correctness] in double quotes, it automatically converts it to a String
object ... The automatic creation of an object from a constant is unique
...."

"When Java sees a String literal (an expression in double quotes), it
automatically converts it to a String object ... The automatic creation of
an object from a String literal is unique ..."
It is also important to recognise that there are other literal expressions,
just none of them represent an object (the rest are primitive).

6.
On the issue of the java.lang.String(java.lang.String) constructor, is might
be wise to mention how literals are handled and why you might want to use
this constructor to prevent "interning" (a perfect example of "flakiness" -
does the author understand how String literals are handled ?)

7.
"objects are destroyed after the last reference to them is removed"
A common fallacy resulting in many painstaking hours of debugging.
"objects are destroyed when the garbage collector runs. The object must be
in an Unreachable [this is NOT the same as having no valid references] state
in order to be eligible for collection."
Further information:
http://java.sun.com/developer/Books/.../appendixa.pdf

9.
import java.lang.*;
is implicit (Java 2 Language Specification) and is quite ugly, since it
indicates a lack of understanding of this fact.
Perhaps use another example from another package ?

10.
"Arrays can also be created at declaration time, if values are specified"
can be clarified with:
"Arrays can also be created at declaration time, if values are specified
using an array initializer"

11.
"Any Java program requires that the author define at least one class."
incorrect/ambiguous
First define a "program".
If you mean, any compilable unit, then you don't even need a class - a blank
file will compile.
If you mean, any application that will run through the JVM, then you need to
"define at least one class with a public static void
main(java.lang.String[]) method"

12.
Grammatical.
"A subclass inherits all the state and behavior of the its superclass"
"A subclass inherits all the state and behavior of its superclass"

13.
"... can override variables and methods ..."
incorrect. A class data member (referred to here as "variable") can NOT be
overridden.
Because of this, it is perfectly valid to declare a variable with the same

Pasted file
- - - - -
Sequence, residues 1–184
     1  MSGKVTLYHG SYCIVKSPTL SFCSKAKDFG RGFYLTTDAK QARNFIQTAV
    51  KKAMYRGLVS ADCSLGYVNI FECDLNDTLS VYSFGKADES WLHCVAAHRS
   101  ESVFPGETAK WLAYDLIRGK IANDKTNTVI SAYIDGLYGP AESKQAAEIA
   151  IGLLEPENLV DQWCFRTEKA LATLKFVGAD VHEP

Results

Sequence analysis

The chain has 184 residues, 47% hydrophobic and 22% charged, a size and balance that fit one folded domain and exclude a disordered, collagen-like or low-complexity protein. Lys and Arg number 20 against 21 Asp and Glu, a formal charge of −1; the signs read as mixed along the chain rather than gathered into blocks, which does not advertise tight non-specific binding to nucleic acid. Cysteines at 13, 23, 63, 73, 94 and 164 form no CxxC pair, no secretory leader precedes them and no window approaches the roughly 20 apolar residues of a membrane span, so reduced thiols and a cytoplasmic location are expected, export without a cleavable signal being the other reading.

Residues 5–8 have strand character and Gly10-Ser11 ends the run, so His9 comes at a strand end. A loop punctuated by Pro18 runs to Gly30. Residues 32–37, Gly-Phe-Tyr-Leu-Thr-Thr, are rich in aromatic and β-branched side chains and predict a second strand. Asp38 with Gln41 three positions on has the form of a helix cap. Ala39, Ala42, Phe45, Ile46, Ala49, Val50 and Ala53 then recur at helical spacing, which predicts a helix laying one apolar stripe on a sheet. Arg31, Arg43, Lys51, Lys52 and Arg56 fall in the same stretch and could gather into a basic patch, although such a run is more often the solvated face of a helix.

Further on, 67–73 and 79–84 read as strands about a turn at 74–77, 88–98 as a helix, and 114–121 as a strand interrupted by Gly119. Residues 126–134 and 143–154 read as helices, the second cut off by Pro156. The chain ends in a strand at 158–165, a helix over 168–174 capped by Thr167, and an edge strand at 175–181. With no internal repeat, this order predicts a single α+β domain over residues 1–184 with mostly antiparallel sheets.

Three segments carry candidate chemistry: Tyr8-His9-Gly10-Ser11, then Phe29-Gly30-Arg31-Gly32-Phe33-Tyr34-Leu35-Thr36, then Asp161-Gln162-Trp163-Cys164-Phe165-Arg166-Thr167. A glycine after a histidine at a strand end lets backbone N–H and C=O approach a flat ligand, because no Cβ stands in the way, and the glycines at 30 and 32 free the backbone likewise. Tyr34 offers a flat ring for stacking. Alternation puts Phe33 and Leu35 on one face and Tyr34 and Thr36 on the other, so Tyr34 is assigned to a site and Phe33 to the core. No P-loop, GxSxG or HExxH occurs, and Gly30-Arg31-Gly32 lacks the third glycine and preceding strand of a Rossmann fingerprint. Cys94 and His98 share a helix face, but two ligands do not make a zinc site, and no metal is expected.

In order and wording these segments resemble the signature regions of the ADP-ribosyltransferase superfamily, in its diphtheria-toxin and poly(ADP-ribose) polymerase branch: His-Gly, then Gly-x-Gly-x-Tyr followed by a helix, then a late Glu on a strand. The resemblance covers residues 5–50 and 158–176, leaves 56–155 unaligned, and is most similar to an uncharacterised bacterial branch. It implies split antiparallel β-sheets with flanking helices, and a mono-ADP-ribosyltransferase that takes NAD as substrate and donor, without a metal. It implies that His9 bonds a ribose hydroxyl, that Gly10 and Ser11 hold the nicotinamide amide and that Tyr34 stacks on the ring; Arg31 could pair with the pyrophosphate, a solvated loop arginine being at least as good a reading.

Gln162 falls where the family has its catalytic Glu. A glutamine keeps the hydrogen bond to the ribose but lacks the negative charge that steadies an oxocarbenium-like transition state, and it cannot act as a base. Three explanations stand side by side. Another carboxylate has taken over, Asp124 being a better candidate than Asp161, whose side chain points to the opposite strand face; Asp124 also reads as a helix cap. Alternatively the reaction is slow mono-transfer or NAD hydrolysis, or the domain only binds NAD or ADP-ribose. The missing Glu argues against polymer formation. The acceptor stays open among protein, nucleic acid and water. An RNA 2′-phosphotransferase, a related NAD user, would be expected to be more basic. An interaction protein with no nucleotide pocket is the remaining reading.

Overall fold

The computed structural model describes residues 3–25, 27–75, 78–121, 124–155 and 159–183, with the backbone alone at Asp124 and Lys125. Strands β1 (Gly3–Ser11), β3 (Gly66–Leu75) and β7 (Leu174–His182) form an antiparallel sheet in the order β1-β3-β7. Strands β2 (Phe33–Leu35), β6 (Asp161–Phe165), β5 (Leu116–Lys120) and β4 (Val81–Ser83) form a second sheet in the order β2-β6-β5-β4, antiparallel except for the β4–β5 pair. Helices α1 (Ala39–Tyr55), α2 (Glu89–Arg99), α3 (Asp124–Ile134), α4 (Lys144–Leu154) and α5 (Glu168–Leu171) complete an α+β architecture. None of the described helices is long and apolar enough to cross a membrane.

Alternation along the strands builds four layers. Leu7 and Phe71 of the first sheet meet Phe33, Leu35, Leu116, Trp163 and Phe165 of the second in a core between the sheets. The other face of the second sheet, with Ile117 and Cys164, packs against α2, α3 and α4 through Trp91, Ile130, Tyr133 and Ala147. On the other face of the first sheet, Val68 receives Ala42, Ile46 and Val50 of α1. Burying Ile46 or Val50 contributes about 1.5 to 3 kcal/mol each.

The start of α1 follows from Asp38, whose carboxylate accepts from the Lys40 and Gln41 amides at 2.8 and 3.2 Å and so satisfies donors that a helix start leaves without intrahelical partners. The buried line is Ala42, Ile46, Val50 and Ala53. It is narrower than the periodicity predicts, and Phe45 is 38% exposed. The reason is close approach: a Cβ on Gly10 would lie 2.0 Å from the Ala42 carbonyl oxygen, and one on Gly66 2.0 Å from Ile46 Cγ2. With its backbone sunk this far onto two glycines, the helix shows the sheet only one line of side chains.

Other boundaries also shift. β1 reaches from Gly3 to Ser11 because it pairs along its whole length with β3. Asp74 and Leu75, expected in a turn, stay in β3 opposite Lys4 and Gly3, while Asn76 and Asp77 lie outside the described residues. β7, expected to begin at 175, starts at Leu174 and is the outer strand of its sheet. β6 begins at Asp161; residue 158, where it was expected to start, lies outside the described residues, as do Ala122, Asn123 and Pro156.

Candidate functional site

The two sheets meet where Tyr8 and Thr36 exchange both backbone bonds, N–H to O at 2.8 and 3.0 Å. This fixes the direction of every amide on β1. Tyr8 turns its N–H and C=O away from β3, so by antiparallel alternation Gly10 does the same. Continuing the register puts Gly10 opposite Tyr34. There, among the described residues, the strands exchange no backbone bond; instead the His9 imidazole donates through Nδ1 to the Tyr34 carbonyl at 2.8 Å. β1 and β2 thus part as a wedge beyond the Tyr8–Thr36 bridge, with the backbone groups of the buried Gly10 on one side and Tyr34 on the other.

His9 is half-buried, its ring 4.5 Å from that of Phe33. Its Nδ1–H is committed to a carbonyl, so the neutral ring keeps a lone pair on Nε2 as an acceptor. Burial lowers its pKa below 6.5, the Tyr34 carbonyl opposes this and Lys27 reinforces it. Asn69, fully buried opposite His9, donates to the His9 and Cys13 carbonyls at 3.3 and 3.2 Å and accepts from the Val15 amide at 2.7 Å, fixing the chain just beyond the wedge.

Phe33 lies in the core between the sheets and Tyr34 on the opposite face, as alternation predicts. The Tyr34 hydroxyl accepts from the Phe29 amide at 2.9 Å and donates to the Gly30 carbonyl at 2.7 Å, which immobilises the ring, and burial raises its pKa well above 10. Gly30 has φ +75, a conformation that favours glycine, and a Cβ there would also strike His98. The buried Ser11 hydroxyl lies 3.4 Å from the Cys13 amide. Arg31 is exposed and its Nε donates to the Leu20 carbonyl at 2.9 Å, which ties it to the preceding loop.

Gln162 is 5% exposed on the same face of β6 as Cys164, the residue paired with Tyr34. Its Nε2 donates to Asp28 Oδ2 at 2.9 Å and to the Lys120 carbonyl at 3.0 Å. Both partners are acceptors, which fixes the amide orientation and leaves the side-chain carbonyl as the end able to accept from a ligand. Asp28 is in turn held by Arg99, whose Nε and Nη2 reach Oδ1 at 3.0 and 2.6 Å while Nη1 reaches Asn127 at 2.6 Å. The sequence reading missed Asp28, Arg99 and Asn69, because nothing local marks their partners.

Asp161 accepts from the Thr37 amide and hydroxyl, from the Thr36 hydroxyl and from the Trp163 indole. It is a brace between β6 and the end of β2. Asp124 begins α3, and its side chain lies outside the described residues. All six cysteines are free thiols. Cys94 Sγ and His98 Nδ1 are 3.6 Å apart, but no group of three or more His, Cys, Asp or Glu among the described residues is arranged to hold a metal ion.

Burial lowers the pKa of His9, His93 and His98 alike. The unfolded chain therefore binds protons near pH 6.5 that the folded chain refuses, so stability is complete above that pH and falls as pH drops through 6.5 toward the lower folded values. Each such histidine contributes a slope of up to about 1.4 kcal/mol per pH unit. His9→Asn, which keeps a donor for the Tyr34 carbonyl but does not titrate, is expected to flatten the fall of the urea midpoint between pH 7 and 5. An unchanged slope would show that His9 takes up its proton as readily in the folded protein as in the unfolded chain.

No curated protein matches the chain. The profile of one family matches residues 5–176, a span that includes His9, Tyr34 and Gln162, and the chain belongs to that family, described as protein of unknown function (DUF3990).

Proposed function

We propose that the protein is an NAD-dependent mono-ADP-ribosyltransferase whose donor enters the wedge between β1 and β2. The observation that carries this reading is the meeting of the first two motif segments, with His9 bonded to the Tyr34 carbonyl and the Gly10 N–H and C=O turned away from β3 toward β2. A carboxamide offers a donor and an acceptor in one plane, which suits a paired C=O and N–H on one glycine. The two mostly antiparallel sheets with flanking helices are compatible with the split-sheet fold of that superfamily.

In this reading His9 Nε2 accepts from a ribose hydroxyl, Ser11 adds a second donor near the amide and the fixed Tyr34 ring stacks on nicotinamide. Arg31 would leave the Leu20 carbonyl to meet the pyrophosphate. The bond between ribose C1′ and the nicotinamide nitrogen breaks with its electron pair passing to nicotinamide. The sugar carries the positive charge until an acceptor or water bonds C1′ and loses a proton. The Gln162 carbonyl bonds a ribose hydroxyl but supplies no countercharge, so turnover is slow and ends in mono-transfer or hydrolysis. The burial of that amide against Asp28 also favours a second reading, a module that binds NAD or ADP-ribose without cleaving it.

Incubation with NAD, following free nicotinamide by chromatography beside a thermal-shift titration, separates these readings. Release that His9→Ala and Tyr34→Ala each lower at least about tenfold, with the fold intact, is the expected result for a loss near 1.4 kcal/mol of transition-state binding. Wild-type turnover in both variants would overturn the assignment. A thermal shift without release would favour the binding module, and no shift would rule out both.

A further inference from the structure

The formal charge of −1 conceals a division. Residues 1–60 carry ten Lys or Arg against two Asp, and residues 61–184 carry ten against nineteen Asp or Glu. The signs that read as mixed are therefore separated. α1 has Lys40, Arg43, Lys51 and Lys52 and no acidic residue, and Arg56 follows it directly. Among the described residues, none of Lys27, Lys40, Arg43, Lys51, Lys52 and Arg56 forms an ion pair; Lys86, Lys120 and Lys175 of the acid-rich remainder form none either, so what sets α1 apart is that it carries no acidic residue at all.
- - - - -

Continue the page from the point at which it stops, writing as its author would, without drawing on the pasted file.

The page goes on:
name in a subclass, even if the superclass declares it as final (which
contradicts the next statement).

14.
"Actually, to be more precise, subclasses can only access a protected ..."
Huh ? This statement appears to be redundant with the previous one (it is
not more precise, it is just misleading) and ambiguous - what exactly are
you getting at ?

15.
"Class variables and class methods exist just once"
Technically, this is incorrect. But given the context (discussing the
meaning of the static keyword), it may be forgiven, but I think it may be
misleading. But even more technically (if you want to get nitty-gritty), it
is still incorrect.
Better written as:
"static Class variables, methods, initializers, and inner classes exist just
once per class loader [not per VM as some might suspect]"

16.
"An interface is like an abstract class, except it can't implement any of
its methods"
Huh ? Very misleading. Perhaps you mean:
"An interface is like an abstract class, except all methods are pure virtual
[I use this term since there is contrasting to C++], where an abstract class
defines none, some or all methods as pure virtual"

17.
"classes can implement as many interfaces as they like, as long as they
provide implementations of the methods"
Very misleading.
"non-abstract classes [or concrete classes depending on preferred
terminology] can implement as many interface as they like, as long as they
provide implementations of all implemented interface methods."

18.
Declaring to catch ArrayIndexOutOfBoundsException is poor form. You might
want to distinguish the three types of Throwables; checked exceptions,
unchecked exceptions, and errors. You could then go on to say that declaring
to catch unchecked exceptions is generally bad practice and change your
example to use a checked exception. Declaring to catch unchecked exceptions
can sometimes be justified, but the example given can never be justified
(catching ArrayIndexOutOfBoundsException can never be justified).

19.
The whole "exceptions" paragraph(s) leads me to speculate if the author